If Transformers is so successful, why does it need all the product placement? There are only two things I can think of that the movie has to advertise. One is the Transformers toyline of course since this movie would not be made if the toys did not exist. Since Bay wanted the military in this film so much, unfortunately, military recruitment has to be advertised as well. And that's really sad. Nothing against those who serve in the military. But they shouldn't be shoving recruitment down the throats of 10-18 year old boys this movie is aimed at. Those kids often have no idea what military service is really all about. However, the military would not cooperate unless this movie became a commercial for them. Which is why there was so much focus in TF1 on the human soldiers over the TFs. Which is why the military was portrayed as so perfect and heroic and why even the Secretary of Defense was portrayed as a hero. It's also why this movie focuses so much on Sam. Sam is the young kid who, like the kids who see this movie, is a potential military recruit who is put often in situations in TF1 where he has to "be a soldier". Yes, all that stuff is deliberate and intentional like it or not.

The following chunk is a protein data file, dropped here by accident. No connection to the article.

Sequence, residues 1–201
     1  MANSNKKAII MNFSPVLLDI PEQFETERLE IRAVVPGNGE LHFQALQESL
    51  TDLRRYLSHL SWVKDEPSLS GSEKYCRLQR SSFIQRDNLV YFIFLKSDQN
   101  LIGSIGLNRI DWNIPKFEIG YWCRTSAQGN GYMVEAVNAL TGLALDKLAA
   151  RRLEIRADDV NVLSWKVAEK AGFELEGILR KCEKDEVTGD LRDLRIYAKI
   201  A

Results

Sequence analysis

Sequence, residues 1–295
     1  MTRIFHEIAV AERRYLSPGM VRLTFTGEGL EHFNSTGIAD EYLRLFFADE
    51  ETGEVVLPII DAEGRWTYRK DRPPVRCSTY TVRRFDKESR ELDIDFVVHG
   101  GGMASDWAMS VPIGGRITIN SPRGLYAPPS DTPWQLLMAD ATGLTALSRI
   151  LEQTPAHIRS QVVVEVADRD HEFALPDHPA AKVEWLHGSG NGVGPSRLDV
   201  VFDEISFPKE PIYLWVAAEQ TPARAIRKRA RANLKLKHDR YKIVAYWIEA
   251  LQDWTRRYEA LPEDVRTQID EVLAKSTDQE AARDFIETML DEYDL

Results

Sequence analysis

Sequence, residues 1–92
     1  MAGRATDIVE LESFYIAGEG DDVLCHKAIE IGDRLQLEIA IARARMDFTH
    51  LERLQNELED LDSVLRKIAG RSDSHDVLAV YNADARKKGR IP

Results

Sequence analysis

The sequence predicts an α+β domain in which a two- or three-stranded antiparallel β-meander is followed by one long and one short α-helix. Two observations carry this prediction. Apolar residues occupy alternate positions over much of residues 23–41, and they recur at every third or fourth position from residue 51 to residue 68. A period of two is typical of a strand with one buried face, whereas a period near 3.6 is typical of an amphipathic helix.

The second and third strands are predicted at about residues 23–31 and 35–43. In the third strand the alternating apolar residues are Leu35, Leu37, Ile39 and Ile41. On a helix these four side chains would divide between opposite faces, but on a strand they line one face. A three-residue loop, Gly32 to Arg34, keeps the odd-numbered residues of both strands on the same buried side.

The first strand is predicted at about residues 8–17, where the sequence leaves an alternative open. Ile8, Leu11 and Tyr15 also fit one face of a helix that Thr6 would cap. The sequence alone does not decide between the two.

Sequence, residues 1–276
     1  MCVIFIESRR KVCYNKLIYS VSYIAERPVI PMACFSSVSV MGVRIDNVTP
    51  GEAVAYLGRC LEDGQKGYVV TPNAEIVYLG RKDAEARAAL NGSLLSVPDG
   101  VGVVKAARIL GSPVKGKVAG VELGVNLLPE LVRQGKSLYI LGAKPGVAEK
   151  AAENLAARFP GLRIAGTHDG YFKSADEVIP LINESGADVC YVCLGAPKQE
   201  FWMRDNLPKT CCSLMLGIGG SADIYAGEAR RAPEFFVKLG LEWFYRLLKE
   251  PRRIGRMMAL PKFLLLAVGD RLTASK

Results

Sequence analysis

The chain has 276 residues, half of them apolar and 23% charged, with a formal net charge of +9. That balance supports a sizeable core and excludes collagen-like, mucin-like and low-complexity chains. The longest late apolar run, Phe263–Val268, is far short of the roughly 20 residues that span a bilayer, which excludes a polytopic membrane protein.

Unfortunately, they have to make it even worse by advertising junk food, gas guzzling cars, and everything else. When is the TF franchise going to realize that it is no longer in the Bush era of materialism, jingoism, militarism, racism, and sexism? It seems like the TF franchise is stuck in old archaic ways of thinking and doing things.

I wonder if I should even support the Transformers movies and see TF2 because of all the disturbing messages and advertisements it supports. Afterall, I will not buy the toys because Hasbro uses foreign slave labor to make them. It seems like the movies are doing equally disturbing things with their messages and product placements.

Firefrost
02-16-2009, 10:23 AM
This thread has a bunch of reading. I'm hungry, I need a Whopper. :p

Michael Do
02-16-2009, 10:26 AM
super fit models attract audiences.

littleman794
02-16-2009, 11:15 AM
ya, what sucks is my town doesn't have a burger king....boohooo....we did like, 3 years ago....now all we have are those damn m&m's...:(